Till Sex Do Us Part
by Mada Moilliet
It’s 10 pm on a Wednesday night. You’ve just crashed on the couch to catch your breath after 16 hours spent running around doing the usual zillion or so tasks that your day demands. The kids are in bed, the dinner dishes are done, the laundry is somewhat under control, the toys are, well, they’re scattered pretty much everywhere but you can ignore that, tomorrow’s lunches are planned if not made, and you’ve decided what to wear to work in the morning. Now it’s time to catch a few minutes of whatever mindnumbing trivia is on TV before heading for bed. From across the room your husband catches your eye and gives you an appreciative smile accompanied by a suggestive tilt of the eyebrow.
Oh Lord no, not the sex cue, you think. Not that on top of everything else you’ve been expected to do today. You purposely mistake his smile as a sign of gas, yawn elaborately, and scratch your armpit in a most un-ladylike manner. Maybe that will cool his jets, you hope. That thought is immediately followed by feelings of both guilt and resentment. You love your husband, you know you should be more interested in your sexual relationship (you sometimes wonder what happened to those wonderful lusty feelings you used to have for him), but honestly, you’re so busy and exhausted with the daily chores and responsibilities that making love just seems like one more thing to check off the to do list. Can’t he see that you’re exhausted?
Does this scenario sound eerily familiar? According to Dr. Trina Read, sex expert and author of Till Sex Do Us Part: Make Your Married Sex Irresistable (Key Porter Books, $21.95), there are millions of women experiencing the same dilemma—and, yes, this loss or lessening of sexual desire in long-term relationships is more common for women than for men. Read experienced this same phenomenon in her own marriage, an irony she was quick to recognize as she spent her working hours coaching others on how to improve their sexual relations. The book was borne out of her research into the topic, the lack of helpful literature, and her desire to help couples stay happily together over the long term.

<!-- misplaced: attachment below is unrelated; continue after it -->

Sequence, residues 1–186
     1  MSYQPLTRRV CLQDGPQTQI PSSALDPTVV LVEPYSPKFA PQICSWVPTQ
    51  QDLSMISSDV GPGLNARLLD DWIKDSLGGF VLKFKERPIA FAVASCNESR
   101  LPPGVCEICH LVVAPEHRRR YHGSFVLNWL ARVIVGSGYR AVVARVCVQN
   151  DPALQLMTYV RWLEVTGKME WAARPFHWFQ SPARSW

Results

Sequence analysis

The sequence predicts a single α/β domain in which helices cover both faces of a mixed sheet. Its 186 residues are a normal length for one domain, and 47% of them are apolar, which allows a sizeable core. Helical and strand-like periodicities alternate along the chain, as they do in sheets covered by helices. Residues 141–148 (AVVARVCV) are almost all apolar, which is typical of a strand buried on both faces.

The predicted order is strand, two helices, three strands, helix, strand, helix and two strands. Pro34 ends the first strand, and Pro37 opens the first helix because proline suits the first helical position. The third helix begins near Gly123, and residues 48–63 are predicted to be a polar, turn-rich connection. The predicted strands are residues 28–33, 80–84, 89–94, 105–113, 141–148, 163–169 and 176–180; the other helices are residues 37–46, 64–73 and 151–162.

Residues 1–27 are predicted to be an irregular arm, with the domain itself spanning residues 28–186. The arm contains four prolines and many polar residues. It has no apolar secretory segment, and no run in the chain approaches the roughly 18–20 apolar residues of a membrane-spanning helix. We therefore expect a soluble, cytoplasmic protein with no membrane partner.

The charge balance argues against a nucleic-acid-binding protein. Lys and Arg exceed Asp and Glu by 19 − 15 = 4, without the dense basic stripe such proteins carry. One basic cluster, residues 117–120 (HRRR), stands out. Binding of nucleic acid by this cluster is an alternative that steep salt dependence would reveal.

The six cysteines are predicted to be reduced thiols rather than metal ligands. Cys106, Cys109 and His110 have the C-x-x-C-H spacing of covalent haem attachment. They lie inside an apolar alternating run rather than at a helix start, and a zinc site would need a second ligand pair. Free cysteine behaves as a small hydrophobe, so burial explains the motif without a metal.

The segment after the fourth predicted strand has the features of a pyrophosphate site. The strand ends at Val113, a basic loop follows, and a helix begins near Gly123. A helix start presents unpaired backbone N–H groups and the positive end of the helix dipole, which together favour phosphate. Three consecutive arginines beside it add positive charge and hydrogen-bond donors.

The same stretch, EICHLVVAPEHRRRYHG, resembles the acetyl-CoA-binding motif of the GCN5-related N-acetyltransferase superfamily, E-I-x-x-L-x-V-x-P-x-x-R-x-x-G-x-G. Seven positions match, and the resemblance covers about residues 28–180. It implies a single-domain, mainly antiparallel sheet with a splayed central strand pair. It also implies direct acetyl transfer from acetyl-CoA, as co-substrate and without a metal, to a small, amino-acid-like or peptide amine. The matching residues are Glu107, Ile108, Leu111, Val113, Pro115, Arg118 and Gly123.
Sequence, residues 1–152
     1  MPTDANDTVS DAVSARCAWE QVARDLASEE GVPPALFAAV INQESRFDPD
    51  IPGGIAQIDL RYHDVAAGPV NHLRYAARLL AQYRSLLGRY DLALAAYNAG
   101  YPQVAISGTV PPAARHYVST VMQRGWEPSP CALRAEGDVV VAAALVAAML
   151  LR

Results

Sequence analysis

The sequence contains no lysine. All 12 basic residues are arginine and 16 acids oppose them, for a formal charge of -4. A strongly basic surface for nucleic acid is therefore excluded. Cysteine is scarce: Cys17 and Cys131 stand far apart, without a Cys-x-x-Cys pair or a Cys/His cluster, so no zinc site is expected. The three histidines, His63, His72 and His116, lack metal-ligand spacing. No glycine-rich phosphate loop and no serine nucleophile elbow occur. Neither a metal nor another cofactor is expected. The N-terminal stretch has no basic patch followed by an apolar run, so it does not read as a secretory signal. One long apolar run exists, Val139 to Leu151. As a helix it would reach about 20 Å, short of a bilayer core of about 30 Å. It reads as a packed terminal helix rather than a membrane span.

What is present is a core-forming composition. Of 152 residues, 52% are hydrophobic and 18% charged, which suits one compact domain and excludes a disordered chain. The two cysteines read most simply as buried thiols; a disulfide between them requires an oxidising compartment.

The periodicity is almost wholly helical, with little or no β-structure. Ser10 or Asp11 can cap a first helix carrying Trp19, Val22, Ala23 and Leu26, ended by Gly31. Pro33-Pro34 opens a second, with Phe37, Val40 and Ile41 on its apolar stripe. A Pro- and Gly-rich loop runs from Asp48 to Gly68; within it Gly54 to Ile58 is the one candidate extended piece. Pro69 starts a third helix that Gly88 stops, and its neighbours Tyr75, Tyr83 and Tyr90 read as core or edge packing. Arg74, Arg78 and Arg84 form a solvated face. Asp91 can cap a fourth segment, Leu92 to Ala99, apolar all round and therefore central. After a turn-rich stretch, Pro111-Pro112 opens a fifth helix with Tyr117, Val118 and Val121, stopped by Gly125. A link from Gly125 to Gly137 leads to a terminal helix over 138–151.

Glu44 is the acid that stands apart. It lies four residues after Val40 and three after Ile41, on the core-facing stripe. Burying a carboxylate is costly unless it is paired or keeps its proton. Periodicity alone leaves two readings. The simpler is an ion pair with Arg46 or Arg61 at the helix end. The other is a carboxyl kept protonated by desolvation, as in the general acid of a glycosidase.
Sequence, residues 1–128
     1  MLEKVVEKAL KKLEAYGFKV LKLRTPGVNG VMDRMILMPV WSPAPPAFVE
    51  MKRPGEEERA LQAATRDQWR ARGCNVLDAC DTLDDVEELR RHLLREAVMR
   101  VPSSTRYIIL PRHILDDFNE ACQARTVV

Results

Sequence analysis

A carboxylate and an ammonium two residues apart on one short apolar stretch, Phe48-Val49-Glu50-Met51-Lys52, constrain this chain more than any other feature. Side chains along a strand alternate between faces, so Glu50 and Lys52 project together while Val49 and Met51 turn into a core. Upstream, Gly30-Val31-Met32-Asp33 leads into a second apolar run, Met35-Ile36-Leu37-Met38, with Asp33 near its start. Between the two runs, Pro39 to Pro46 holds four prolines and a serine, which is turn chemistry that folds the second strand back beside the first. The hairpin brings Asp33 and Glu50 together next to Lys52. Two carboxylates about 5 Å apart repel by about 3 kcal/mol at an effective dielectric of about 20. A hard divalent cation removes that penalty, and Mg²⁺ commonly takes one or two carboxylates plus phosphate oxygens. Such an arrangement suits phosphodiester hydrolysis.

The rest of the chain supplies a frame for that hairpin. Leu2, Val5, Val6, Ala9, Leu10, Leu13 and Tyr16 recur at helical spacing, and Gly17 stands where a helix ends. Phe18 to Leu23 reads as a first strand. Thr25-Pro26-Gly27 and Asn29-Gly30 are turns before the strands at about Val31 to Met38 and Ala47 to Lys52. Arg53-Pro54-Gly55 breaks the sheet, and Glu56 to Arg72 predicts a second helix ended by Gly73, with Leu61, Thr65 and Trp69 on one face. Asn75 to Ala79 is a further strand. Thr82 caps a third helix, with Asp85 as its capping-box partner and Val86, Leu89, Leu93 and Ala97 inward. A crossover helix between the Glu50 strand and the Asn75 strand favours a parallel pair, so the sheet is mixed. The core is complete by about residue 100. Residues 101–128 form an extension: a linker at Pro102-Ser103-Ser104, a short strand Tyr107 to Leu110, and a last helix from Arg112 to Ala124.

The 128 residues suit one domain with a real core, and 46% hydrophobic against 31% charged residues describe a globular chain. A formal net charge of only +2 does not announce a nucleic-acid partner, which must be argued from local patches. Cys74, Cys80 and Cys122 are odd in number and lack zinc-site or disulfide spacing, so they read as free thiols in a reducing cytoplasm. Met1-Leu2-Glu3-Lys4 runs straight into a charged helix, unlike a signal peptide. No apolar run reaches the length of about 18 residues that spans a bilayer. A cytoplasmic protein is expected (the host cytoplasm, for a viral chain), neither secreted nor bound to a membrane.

The average married woman has only learned to have what the author calls “single-woman sex,” which involves little or no intimacy. Once she is well into marriage (or a long-term monogamous relationship), she is unable to enjoy the sexual act as much as she would like. Single-woman sex is mostly about body mechanics—it’s a clutch-and-grab activity where you go for each other’s hot spots. In the first two years or so of a relationship, this works just fine and you and your partner feel like your sex life is out of this world. During this stage, you’ve both got an abundance of “love drug” hormones coursing through your bodies. Sex aside, you spend a lot of time talking, touching, cuddling and appreciating one another. The intimacy that a woman, in particular, craves is present on a variety of levels. With this intimacy, a woman feels an emotional connection with her partner, a key ingredient to her sexual satisfaction.